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Research Council Meeting at Nauni University Highlights Advancements in Horticultural Research

The 26th Research Council Meeting at Dr. YS Parmar University highlighted advancements in horticultural research, from pioneering apple bud mutants to promoting climate-resilient farming and expanding into exotic fruits like dragon fruit and avocado.

KJ Staff
Research Council Meeting at Nauni University Highlights Advancements in Horticultural Research
Research Council Meeting at Nauni University Highlights Advancements in Horticultural Research

The 26th Research Council Meeting of Dr. YS Parmar University of Horticulture and Forestry, Nauni, was held under the chairmanship of Vice Chancellor Prof. Rajeshwar Singh Chandel. The meeting was attended by Sushil Kumar Singla, Resident Commissioner of Himachal Pradesh in Delhi; Sudesh Kumar Mokhta, Project Director of the Himachal Pradesh Horticulture Development Project and Basu Kaushal, Conservator of Forests in Solan. Progressive farmers and university scientists also participated in the event.

Dr. Sanjeev Chauhan, Director of Research presented an overview of the research activities conducted over the past year. He highlighted the university's success in identifying bud mutants in apples and the ongoing trials for developing new varieties. He informed that the university has established itself as a lead centre in natural farming, gaining widespread recognition for its research in this area. Dr Chauhan said that the university developed modules for the mass multiplication of clonal rootstocks. He shared the university’s initiative in promoting new fruits like dragon fruit, jujube, coffee, blueberry and avocado, the trails for which have started at different locations in the state.

Prof. Rajeshwar Singh Chandel emphasized the need for developing elite planting material for horticulture and forestry plants, considering the priority species of the forests and horticulture departments. He stressed the importance of creating models that can operate in water-deficient conditions and urged scientists to develop small-scale models that can be easily replicated at the farmers’ fields. Prof. Chandel highlighted the significance of climate-resilient agriculture and the potential of natural farming to achieve this goal. He also commended the efforts to popularize underutilized and lesser-known native fruits.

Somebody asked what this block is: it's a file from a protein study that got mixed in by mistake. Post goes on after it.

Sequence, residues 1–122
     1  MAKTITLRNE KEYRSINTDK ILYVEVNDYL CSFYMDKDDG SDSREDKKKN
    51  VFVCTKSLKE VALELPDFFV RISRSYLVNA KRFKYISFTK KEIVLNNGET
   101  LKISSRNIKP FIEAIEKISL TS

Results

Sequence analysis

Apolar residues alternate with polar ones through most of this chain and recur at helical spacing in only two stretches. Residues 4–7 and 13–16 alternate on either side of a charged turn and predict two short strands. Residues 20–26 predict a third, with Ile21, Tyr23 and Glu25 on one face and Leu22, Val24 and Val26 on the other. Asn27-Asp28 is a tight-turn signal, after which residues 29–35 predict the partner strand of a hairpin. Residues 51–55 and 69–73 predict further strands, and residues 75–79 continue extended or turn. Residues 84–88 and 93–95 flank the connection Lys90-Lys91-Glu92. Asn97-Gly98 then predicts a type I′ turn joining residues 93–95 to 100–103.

Sushil Kumar Singla, addressing the members, emphasized the importance of involving the private sector in funding research projects and the vital role of community participation in the success of any project. Sudesh Kumar Mokhta linked the state's development to the progress of horticulture, noting that while temperate horticulture has been refined, advancing sub-tropical horticulture will further propel the state forward. He emphasized the need to leverage the state's rich knowledge base in horticulture and quality production to address upcoming challenges in the sector.

The meeting also covered interventions to combat invasive species like lantana, the springshed ecosystem management approach for water conservation and silviculture interventions to manage forest fires. Discussions included the package of practices for nursery raising of different forest plants. Farmers voiced their concerns about the growing apple monoculture and called for educating farmers on diversification alternatives. Topics such as self-sufficiency in seed production, spray schedule implementation, refinement of the cold chain network, risk mitigation and sustainability were also part of the agenda.

During the meeting, six publications were released, including the Package of Practice on High-Density Apple Plantations and Managed Pollination. Progressive farmers Umesh Sood, Shailendra Sharma, Subhash Shardu, Banke Bihari, Vinay Negi, and Mohinder Kumar, along with GIZ Advisor Ajit M. Bhor, Dr MC Rana from CSK HPKV Palampur, statutory officers and university scientists participated in the meeting.

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